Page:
o Call while they're on your site, or a few minutes afterward. Using cookies or subscription-site registration, you can set alarms that notify you when a lead is visiting. This is a great time to call. Don't let on that you know they're on your site, because this will seem Big Brotherish and annoying, though.

o Try being contrarian. Standard operating procedure is to call tradeshow leads a week or two after the show. We know a marketer who called all his show leads the very next business day. It worked gangbusters.

o Remember time zones. You can adjust your database to account for time zones on your raw lead list. (Hint: to determine time zones, don't ask for full street addresses on online registration forms. This will encourage bail-out. Instead, ask for city and state.)

o Look for industry triggers. Look for new legislation and possibly government calls for bids to see which of your leads may be gearing up for big technology projects.

o Look for organizational triggers. Check SEC filings, merger news, new product launches, and browse other technology sites to find new customer announcements -- a prospect who just bought a new CRM software might need your ancillary product, for example.

Note of caution: companies that have just announced VC investment or IPOs are notorious targets for tech sales teams. So you might do well to give them a few weeks' breathing space.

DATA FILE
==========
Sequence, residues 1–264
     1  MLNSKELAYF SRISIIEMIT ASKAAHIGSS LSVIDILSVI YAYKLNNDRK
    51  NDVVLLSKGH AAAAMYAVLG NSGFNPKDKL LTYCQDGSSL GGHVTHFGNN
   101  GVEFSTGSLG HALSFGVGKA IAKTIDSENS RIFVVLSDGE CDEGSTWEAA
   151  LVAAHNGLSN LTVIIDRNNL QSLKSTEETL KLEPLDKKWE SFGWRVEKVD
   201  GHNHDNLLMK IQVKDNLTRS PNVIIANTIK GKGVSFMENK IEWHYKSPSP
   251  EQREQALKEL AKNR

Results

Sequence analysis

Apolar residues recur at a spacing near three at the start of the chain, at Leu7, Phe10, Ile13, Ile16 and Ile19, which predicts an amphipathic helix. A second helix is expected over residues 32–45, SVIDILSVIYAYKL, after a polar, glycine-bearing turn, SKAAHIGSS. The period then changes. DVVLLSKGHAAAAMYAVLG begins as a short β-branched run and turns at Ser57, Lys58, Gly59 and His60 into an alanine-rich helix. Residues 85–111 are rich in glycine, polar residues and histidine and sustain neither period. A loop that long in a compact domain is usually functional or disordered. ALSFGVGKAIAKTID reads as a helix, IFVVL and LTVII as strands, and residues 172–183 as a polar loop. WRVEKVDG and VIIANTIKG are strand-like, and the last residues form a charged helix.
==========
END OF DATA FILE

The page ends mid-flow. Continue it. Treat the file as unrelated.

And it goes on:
o Scheduled upgrades. An IT department may have a set procurement schedule. For example, network security may be the first quarter's priority, databases the second, productivity software the third, and so on. Call your Evangelist or research their site to find out more on the schedule.

Quick Tips on Scripting for IT Leads

If Marketing is doing all of this lead qualification and nurture work, chances are good that you'll also be writing the call script for Inside Sales.

When writing the script, it's important to note that the personality of your typical IT staffer is very different from those of your sales, PR, and marketing teams. How? IT people are suspicious of hype, aggression, and false chumminess. We wouldn't dream of promoting the old "pocket-protector" stereotypes, but we are talking about generally introverted, non-confrontational types.

These are not the people making deals on the golf course. Keep it businesslike and straightforward, and you'll have a better shot at succeeding.